As mainstream news organizations were losing their claim on authority and trust, Jon Stewart used smarts and comedy to establish his own journalistic credibility.
Thanks to the Affordable Care Act, at least 10 million fewer Americans are uninsured. The drop in the nation’s uninsured rate is the largest since the early 1970s.
How do we shift national conversations about mass incarceration and disinvestment in public education so that the public sees the connection?
Samet’s memoir has a bone to pick with American society and the Army itself—both, she believes, failed her former West Point cadets, soldiers who never returned.
The Obama administration's 2015 National Security Strategy is a revealing document, even if it reveals through inadvertence.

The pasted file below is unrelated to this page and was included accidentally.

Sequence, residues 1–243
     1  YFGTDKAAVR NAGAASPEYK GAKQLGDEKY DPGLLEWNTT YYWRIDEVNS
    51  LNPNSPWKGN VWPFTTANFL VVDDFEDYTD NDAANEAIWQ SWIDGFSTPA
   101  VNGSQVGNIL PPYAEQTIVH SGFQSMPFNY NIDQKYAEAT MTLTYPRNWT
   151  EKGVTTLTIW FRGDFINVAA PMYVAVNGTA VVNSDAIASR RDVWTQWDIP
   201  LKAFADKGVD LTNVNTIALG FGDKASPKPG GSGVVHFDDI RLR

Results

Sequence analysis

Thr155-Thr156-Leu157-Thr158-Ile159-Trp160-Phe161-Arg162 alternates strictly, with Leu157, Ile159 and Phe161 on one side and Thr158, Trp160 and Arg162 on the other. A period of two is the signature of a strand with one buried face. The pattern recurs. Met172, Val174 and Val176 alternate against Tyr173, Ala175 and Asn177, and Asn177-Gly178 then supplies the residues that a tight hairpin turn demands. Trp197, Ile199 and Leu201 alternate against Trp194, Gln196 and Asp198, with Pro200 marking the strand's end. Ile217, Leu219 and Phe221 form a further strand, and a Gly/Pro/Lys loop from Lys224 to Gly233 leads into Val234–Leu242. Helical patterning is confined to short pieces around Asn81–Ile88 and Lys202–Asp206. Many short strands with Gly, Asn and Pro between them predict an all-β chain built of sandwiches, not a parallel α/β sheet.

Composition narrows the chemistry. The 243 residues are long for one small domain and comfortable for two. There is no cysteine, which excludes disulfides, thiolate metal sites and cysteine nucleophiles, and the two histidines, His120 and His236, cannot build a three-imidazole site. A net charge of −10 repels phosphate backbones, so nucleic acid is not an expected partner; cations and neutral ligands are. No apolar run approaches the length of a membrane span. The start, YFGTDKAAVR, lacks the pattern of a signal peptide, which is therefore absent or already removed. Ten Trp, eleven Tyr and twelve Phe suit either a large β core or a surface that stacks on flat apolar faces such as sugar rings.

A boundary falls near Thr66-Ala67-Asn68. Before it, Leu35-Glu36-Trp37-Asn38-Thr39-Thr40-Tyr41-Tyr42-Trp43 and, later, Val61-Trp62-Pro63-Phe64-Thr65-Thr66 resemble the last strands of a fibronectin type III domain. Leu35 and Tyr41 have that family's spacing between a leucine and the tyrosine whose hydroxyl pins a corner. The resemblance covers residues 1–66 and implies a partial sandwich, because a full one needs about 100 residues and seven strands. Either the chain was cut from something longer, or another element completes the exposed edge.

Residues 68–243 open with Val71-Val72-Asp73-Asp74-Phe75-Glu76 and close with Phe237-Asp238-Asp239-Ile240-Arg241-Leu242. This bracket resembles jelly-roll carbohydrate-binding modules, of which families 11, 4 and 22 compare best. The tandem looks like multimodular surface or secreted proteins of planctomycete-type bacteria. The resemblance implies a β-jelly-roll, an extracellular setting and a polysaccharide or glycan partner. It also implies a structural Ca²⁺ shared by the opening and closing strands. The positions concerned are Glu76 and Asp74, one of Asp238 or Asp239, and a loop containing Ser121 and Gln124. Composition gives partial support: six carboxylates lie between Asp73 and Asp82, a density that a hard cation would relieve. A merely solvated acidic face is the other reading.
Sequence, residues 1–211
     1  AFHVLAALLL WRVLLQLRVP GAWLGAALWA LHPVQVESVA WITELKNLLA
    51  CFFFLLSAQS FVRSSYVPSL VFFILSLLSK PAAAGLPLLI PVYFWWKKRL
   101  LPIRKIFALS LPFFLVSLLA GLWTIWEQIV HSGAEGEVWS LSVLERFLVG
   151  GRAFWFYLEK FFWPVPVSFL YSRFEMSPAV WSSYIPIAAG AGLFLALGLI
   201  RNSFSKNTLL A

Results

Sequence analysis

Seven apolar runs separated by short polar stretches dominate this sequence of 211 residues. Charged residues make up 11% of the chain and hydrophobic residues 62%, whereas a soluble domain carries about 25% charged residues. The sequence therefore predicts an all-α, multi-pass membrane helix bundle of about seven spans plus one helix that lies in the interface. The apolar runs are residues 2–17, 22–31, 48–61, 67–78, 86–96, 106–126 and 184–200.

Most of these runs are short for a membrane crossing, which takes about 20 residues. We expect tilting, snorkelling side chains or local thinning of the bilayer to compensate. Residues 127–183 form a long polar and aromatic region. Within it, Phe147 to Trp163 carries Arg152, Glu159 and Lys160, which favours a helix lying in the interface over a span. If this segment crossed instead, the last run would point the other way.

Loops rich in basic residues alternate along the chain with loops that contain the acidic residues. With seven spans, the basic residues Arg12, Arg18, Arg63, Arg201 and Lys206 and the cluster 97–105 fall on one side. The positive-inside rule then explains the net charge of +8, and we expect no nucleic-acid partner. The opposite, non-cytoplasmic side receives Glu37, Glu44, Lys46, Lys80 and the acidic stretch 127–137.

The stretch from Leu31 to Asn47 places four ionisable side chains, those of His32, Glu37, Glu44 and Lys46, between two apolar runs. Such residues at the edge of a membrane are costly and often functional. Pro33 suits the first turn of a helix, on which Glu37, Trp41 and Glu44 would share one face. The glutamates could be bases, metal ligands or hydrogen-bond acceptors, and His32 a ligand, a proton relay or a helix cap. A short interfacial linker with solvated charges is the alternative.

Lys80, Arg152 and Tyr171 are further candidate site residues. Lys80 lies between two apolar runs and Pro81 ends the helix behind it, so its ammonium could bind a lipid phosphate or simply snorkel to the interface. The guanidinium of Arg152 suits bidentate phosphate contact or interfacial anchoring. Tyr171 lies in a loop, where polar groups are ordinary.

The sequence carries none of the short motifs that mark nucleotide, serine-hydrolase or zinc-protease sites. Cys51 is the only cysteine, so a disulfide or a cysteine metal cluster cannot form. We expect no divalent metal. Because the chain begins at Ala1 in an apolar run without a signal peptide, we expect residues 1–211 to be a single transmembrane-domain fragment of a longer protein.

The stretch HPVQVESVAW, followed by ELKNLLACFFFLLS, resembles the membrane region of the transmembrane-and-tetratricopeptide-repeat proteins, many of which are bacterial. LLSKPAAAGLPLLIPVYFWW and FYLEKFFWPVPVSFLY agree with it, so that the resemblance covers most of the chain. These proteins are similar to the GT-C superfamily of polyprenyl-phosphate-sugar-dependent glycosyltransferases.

If a president says anything critical about what Christians may have done at any point in history, he's destined to be attacked for engaging in “moral equivalence."
Gastón Espinosa traces the birth and phenomenal growth of the Latino Pentecostal movement, from Los Angeles, California to Anytown, U.S.A.
Two books on the American prison system: One about the role of religion on the inside, the other on what happens to former inmates on the outside.
Paul Ryan’s "envy economics" label invites a description of his own approach, which would slash taxes on the rich and cut programs for the poor and middle class.
Isn’t loyalty itself a questionable virtue that can lead people to overlook many ethical issues and to ignore more important moral callings?
President Obama makes it clear that he thinks it’s more important to win a long-term argument with his ideological opponents than to pretend they'll work with him.